Who really drives innovation at your firm?
6 minute read
According to PWC’s recent “Law Firm of the Future” survey, it’s smooth sailing ahead for the legal sector. The vast majority of firms are optimistic on fee income and profit growth from 2018 to 2020, with a significant number of firms predicting that profit growth will outstrip that of fee income up to 2020. Even Brexit hasn’t been able to ruffle many feathers, with no firms expecting to have to relocate a head office, close a regional office, or even see much movement in terms of partner and staff headcount. Yet there is one big thing on everyone's mind. Innovation.
Why is innovation such a challenge for law firms?
Quite simply, because innovation has the potential to yield profits. Believe it or not, despite the legal sector’s conservative reputation, the law industry is already going through somewhat of a renaissance. Up to 80% of firms have clocked on to the potential advanced technology solutions such as artificial intelligence (AI) and machine learning present. We’ve come into the digital age, and it is clear that tech will change how the world works, just as roads did for Rome. According to Deloitte as many as 39% of lower-skilled responsibilities could soon be automated by 2036. This frees time for more valuable activities, which means higher billing rates and more profit for the firm by allowing lawyer to spend less time on the tediously repetitive, and more time on the problems that require a spark of creativity. Ironically, it’ll be robots that allow us to work less like machines.
Brewing Innovation: The secret recipe
So we know innovation is the not so secret ingredient for success, yet why is it still so elusive?
From what we’ve found, the biggest blocker to innovation is convincing everyone else it's a really great idea. While attending a recent event hosting the top innovation managers across London’s legal sector, one innovation manager gave their take on the situation, stating:
“The main challenge we have at our firm is getting the buy-in from each team we work with - both on the fee-earning and businesses services departments - to change their ways and try something new. Without involving them in the process, we cannot innovate the way we work.”
Law firms have been extremely successful in building innovation teams, but to further fuel innovation, it’s important to build the right culture and teams to participate in the innovation process, from identifying opportunities to tackle, to testing and implementing them.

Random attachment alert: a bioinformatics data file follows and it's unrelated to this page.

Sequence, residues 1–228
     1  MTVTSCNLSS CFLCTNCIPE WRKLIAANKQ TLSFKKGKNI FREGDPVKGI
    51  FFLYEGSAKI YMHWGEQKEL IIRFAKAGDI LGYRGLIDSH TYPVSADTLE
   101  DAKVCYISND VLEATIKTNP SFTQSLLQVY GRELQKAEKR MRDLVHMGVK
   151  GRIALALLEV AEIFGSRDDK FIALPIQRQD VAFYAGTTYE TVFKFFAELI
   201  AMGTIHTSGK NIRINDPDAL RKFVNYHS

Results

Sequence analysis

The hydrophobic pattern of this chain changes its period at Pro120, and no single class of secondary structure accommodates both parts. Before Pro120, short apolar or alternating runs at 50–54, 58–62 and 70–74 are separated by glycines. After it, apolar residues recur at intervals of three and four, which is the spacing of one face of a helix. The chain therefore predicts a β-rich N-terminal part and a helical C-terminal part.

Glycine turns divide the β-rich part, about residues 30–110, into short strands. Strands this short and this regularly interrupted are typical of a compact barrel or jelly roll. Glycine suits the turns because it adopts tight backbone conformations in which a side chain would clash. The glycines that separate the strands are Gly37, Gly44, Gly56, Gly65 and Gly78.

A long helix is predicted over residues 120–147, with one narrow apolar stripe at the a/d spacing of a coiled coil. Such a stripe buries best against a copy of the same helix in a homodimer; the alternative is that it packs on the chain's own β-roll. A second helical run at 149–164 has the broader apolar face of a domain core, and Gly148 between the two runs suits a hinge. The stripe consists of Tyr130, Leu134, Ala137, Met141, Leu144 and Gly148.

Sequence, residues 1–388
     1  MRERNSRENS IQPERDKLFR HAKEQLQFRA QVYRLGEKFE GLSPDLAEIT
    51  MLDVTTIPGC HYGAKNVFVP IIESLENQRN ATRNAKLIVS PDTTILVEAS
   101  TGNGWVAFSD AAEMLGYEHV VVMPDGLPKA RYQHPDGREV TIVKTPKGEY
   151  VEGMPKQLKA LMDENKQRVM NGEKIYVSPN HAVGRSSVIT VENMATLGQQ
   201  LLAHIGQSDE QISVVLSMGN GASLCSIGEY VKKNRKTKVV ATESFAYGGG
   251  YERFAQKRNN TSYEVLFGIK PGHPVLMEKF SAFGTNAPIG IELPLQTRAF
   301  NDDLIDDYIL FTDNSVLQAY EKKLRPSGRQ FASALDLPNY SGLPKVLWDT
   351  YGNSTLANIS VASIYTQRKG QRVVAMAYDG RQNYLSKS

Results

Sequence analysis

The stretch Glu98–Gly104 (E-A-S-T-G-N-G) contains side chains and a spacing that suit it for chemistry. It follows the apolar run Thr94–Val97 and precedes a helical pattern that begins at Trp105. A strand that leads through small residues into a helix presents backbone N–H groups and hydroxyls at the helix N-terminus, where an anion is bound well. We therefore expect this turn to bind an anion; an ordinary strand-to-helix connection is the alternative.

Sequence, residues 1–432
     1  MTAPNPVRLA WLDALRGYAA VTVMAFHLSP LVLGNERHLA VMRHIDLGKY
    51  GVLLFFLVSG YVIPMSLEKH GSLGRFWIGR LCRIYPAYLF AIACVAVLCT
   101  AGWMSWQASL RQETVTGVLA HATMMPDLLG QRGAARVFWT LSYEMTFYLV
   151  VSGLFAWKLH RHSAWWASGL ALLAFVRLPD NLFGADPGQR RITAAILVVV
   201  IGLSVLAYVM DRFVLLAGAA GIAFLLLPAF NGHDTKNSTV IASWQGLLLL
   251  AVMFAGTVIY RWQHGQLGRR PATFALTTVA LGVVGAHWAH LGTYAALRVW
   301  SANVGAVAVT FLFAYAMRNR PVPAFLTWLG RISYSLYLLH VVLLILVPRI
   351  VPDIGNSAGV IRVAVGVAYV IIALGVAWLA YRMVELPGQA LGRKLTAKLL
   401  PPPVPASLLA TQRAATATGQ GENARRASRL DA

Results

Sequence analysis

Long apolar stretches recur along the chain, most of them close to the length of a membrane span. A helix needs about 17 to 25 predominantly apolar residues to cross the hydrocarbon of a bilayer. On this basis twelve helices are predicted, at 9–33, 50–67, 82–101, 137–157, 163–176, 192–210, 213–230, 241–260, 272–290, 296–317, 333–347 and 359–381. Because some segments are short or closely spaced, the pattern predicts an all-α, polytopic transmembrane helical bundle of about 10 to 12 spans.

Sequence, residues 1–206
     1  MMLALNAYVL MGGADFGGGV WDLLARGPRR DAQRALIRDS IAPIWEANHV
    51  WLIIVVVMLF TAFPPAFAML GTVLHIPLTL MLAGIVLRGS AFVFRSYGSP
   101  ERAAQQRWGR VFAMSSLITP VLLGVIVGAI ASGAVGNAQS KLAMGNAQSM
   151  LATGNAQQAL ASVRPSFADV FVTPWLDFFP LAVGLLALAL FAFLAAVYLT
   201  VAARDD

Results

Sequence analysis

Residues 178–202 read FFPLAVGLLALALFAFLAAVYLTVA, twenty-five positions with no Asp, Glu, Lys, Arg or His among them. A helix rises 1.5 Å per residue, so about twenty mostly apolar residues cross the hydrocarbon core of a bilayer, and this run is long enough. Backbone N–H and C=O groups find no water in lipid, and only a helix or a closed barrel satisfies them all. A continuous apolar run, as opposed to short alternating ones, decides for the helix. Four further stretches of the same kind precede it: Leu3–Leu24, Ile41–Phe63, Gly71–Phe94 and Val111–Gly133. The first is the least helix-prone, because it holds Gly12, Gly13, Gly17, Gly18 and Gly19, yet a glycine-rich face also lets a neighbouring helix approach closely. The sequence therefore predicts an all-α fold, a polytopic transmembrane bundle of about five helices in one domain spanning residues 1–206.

A study by Amlaw examined the relationship between the existence of various C Suite positions and the profitability of a law firm. According to this study firms with a “CIO/CTO reported an average of $209,000 higher PPEP than firms without someone in that position”.
This recognition of the impact of technology can be seen within the market, as according to PWC,
“Finance and Risk & Compliance continue to be perceived as the two strongest performing support functions in 2018 and IT has overtaken HR as the third strongest performing function”. Yet Amlaw found that despite this, “Chief HR/Recruiting Officers reported an average of $356,000 higher PPEP than firms without someone in that position”.
Clearly, HR and Technology strategies go hand in hand. The challenge is that existing talent attraction and selection in law firms is not designed around building an innovative talent strategy.
The Talent Innovation Formula
If we want to enable the law firm to innovate, we need first and foremost to innovate the way we think about people strategy - and in particular how we can attract, nurture and foster talent to innovate.
The talent innovation formula is what we see as being the first step to cultivating an environment to let innovation develop naturally.
1. Attract tomorrow’s innovators
2. Nurture cognitive diversity
3. Hire for the traits that matter
While it might not roll off the tongue quite like E=Mc2, we think this formula might have the potential to hold a candle to Einstein’s.
In our next article, we’d like to shed some light on how certain firms have cracked this problem. From Allen & Overy to CMS, we will uncover some of the best-kept secrets to innovation in the legal sector.
Want to share your thoughts or learn more about innovating your talent strategy?